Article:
Then a layer of "non-woven" cheap glassfiber mat like this: http://www.jatek.fi/auto-osat/site_media/images/product_images/resized/M501_katkokuitu.jpg, 300 g / m2.

    Next one layer of 2 mm Coremat. How much resin does this need?

    Last A layer of 280 g / m2 woven glassfiber. This is the surface that's going to be glued so I thought that the woven mat would give smooth enough surface for the glue.

    So the panel would be constructed like this:

    Gelcoat
    Non-woven mat
    2mm coremat
    Woven mat

    Does it make sense?
     
  8. Steve W
    Joined: Jul 2004
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    Steve W Senior Member

    Uni,the gelcoat does not want to be fully cured before laminating but it needs to be cured enough.Test it by sticking your finger in it,as soon as it wont transfer color to your finger its good to go.Another test is as soon as you can write it with a ballpoint pen.Do your testing on an area which will be outside of what you will be using.You can get a mil gauge from the gelcoat supplier to help you get the thickness right.
    Steve.
     
  9. apex1

    apex1 Guest

    No sorry,

    thats insufficient and too heavy.

    Gel
    80 to 100 gsm mat (does´nt add strength just smoothens the surface)
    240gsm woven fabric
    coremat
    240gsm woven fabric
    120gsm woven fabric

    is a layup that could be sufficient. That depends on the largest unsupported area of course, but you must take into account, that it has to bear its own weight too!
    You can calculate, as a rule of thumb: weight of glass is equal to the weight of resin to saturate it.

    Regards
    Richard
     
  10. UniCamper
    Joined: Dec 2009
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    UniCamper Junior Member

    Largest unsupported area is approximately 600 mm wide and 2000 mm high.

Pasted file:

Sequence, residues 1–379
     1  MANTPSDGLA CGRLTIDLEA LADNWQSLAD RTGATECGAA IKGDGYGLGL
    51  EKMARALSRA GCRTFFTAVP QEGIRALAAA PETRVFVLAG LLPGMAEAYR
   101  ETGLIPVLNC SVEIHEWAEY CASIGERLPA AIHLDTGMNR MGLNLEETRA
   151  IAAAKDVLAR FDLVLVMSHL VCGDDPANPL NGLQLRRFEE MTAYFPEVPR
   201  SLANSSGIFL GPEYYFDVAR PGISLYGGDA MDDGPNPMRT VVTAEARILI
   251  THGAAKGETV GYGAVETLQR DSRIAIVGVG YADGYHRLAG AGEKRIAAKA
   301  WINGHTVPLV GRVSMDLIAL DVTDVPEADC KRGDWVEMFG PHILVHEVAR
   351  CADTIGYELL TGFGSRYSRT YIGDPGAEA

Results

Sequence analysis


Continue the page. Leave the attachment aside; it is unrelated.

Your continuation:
Insulating foam will be glued onto the inside of the panels. This I think will add rigidity and maybe add some stress to the fiberglass panels.

    You suggested several thin layers instead of thicker layers. I'm sure it is better this way, but why? What's the magic behind several thin layers?
     
  11. apex1

    apex1 Guest

    Well, that is exactly what I feared. 600 x 2000 is a laaarge area for a unsupported panel on a (twisting and vibrating) vessel.

    Leave the coremat crap. (eats resin and money) And do:

    gel
    mat 80 to 100
    fabric-45°
    fabric 0°
    fabric+45°
    all three layers about 160gsm

    than your insulation foam glued on it (take the dense quality and make sure you buy the stuff that does´nt escape the room when Styrol is around.)

    then put a layup

    mat 80
    fabric-45°
    fabric 0°
    fabric+45°
    all three layers about 120gsm.

    on your foam.

    This way you have rigid sandwich panel that can bear some punishment.

    Here you can find a little program to calculate laminates:

    http://www.r-g.de/laminatberechnung.html

    Though the website is available in English too, the prog is in German only. But easy to understand.

    Regards
    Richard

    and sorry please I do´nt go deeper into it, I am with fever in bed.
     
  12. UniCamper
    Joined: Dec 2009
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    UniCamper Junior Member

    I can't really make sandwich panels because the foam needs to go inside the steel structure. Please see the attached picture.

    But if I make the panels like you described, glue them to the steel parts, then glue the insulating foam inbetween and finally glue the inside panels (which are not shown in the pic). The inside panels may be something simple like plywood as they don't need to stand up against the elements.

    Maybe this would lead to a good result?
     

    Attached Files:

  13. apex1

    apex1 Guest

    Yea!!!

    And of course you can make a sandwich! Using ply on the inside is a very good idea, but cover it at least with some exterior house paint on the inner side. Mold and mildew behind a panel is not nice!pland some wooden reinforcements where you will install cabinetry or "bulkheads" (room dividers, walls).
    When your steel tube framing is done and primered!!, drill three to four holes in the tubes (on a 200cm length) -and inject the cheapest window mounting PU foam you can find! It not only makes the structure stiffer, it reduces much of the noise and prevents "cold bridges" between in and outside.

    Regards
    Richard
     
  14. Itchy&Scratchy
    Joined: Jul 2008
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    Itchy&Scratchy Senior Member

    Nothing wrong with coremat, if you are laminating properly it doesnt use any extra resin, if you are using no 1 or 2 matt.

    If you are using the thicker matt, numbers 4, 5 & 6 then yes- it does use extra resin
    J
     

  15. UniCamper
    Joined: Dec 2009
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    UniCamper Junior Member

    I guess I'll make some more test panels during the xmas time. Thank you for your help again everyone. :)